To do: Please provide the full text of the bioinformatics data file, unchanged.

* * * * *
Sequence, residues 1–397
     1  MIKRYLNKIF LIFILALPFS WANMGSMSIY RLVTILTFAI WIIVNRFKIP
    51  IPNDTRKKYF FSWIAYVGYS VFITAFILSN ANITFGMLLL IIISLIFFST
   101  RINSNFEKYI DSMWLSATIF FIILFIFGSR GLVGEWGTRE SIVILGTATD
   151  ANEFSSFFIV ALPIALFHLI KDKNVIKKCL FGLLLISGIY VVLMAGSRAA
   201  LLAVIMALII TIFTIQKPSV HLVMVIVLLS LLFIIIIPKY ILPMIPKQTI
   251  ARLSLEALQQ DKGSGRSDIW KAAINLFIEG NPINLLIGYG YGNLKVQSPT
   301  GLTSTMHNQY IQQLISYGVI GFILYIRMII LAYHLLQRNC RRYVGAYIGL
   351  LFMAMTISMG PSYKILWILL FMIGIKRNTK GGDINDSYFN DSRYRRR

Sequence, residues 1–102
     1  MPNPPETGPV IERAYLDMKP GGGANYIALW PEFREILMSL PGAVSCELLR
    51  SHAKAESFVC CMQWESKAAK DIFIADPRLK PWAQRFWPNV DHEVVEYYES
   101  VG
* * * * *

Sequence, residues 1–397
     1  MIKRYLNKIF LIFILALPFS WANMGSMSIY RLVTILTFAI WIIVNRFKIP
    51  IPNDTRKKYF FSWIAYVGYS VFITAFILSN ANITFGMLLL IIISLIFFST
   101  RINSNFEKYI DSMWLSATIF FIILFIFGSR GLVGEWGTRE SIVILGTATD
   151  ANEFSSFFIV ALPIALFHLI KDKNVIKKCL FGLLLISGIY VVLMAGSRAA
   201  LLAVIMALII TIFTIQKPSV HLVMVIVLLS LLFIIIIPKY ILPMIPKQTI
   251  ARLSLEALQQ DKGSGRSDIW KAAINLFIEG NPINLLIGYG YGNLKVQSPT
   301  GLTSTMHNQY IQQLISYGVI GFILYIRMII LAYHLLQRNC RRYVGAYIGL
   351  LFMAMTISMG PSYKILWILL FMIGIKRNTK GGDINDSYFN DSRYRRR

Sequence, residues 1–102
     1  MPNPPETGPV IERAYLDMKP GGGANYIALW PEFREILMSL PGAVSCELLR
    51  SHAKAESFVC CMQWESKAAK DIFIADPRLK PWAQRFWPNV DHEVVEYYES
   101  VG